Invasive Lionfish Threaten the Biodiversity of Coral Reefs

Just off the coast of Belize lies the second-largest barrier reef in the world. Home to an abundance of biodiversity, the Belize Barrier Reef hosts nearly 1,400 different species. Of those organisms, lionfish were only recently introduced to the ecosystem. Native to the Indian and Pacific Oceans, Pterois volitans and Pterois miles, two species of lionfish, were first sighted off the coast of Florida in 1985. Since then, they have spread rapidly up the east coast of the United States, to the Gulf of Mexico, and throughout the Caribbean Sea. 

The reason lionfish were released in this area is largely unknown, but scientific organizations like the National Oceanic and Atmospheric Association (NOAA) predict they were introduced to the Atlantic Ocean through “the aquarium trade.” One possible explanation is that, in 1992, Hurricane Andrew destroyed a private aquarium in Florida, releasing lionfish into the ocean. Although lionfish were seen off the coast of Florida years before, it was not until the 2000s that they began to spread beyond the initial location. The figure below shows the years in which lionfish spread to different regions.

The threat of long-term impacts brought on by the lionfish invasion was described by Mark A. Albins and Mark A. Hixon as “the worst-case scenario.” Biological invasions contribute to biodiversity loss, significant ecosystem destruction, and immense environmental and economic costs. The spread of lionfish has and will continue to cause detrimental damage to marine ecosystems.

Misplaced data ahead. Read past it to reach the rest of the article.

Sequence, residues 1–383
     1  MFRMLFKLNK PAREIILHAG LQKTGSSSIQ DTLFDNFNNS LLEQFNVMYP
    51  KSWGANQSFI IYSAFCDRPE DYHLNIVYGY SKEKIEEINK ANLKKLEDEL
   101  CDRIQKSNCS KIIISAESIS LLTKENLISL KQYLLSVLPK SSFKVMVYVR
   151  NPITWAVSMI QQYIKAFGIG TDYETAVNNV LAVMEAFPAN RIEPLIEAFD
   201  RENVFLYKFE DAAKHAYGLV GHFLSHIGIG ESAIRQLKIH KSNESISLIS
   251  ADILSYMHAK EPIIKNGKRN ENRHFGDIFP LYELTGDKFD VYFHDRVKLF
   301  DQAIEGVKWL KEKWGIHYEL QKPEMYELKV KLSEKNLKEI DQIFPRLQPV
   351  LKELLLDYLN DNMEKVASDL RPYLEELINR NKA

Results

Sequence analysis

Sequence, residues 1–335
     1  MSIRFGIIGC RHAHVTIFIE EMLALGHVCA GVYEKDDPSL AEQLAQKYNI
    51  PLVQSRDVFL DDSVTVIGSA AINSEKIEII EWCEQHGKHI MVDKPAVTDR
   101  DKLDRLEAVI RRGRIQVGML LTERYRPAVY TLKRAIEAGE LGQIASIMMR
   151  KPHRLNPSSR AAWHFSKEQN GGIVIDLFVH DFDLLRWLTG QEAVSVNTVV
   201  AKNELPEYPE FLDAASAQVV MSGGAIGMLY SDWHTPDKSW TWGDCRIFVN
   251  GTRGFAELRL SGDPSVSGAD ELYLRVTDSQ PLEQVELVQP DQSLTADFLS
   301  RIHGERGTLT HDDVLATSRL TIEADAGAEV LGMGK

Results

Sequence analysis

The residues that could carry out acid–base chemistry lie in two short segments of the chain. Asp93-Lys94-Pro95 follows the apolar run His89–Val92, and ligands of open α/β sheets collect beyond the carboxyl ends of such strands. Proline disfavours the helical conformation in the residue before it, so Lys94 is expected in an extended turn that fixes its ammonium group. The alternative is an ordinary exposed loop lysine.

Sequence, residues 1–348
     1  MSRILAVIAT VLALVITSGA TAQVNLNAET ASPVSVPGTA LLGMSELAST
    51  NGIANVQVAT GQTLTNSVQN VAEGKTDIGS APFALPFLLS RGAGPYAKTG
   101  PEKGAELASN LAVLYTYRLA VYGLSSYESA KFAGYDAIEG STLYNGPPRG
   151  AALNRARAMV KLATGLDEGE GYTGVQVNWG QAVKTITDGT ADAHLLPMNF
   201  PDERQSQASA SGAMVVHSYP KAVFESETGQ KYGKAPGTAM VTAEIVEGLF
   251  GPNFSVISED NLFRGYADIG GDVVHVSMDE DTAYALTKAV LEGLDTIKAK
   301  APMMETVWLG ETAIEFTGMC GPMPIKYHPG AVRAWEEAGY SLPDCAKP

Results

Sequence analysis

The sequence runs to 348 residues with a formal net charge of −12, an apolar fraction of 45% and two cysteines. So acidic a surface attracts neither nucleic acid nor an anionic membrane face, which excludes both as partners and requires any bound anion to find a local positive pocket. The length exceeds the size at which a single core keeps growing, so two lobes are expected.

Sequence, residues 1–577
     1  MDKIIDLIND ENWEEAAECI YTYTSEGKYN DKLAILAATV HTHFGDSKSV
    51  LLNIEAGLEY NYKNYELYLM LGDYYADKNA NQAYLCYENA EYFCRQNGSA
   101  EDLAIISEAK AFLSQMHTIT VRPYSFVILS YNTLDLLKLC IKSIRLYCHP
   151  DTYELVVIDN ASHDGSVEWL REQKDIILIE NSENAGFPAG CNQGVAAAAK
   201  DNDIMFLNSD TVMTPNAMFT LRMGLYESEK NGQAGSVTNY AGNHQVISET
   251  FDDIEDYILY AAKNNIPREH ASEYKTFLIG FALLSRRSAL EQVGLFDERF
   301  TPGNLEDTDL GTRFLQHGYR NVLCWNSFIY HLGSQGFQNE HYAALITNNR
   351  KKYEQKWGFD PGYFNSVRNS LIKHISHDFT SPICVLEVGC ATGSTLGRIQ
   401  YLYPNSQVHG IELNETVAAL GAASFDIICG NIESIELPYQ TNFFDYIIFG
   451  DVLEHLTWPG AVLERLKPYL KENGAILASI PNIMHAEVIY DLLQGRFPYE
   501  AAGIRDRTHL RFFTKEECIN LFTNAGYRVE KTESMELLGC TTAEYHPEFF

There are many factors that make lionfish successful invaders and give them a competitive advantage against native species. Lionfish reach sexual maturity after just one year and they have the ability to produce 30,000 to 50,000 eggs every three days. This allows them to quickly outnumber native organisms. Lionfish are known to be “indiscriminate eaters,” meaning they will eat anything they can fit in their mouths. In their native range, lionfish predators include sharks, eels, groupers, and snappers. However, they have no “natural predators in their invasive range,” and other potential predators are overfished which has facilitated the population boom. According to the Belize Lionfish Project, “scientists are concerned that [Belize’s] already stressed fisheries and coral reef ecosystems will become even more taxed if lionfish are not kept in control.” 

The rapid increase of lionfish in the Caribbean Sea and Atlantic Ocean not only contributes to a decrease in the population of native organisms; there is also an indirect effect on coral reef systems. Lionfish feed on parrotfish, which are now facing population depletion. As parrotfish are herbivores and typically consume seaweeds, they allow “reef-building” corals to grow without competition. Lionfish “reduce the abundance of herbivores, thereby indirectly negatively affecting reef corals by fostering seaweed growth.” These two factors together—the increase of invasive lionfish and the increase of native seaweed—create a negative impact on these reef-building corals.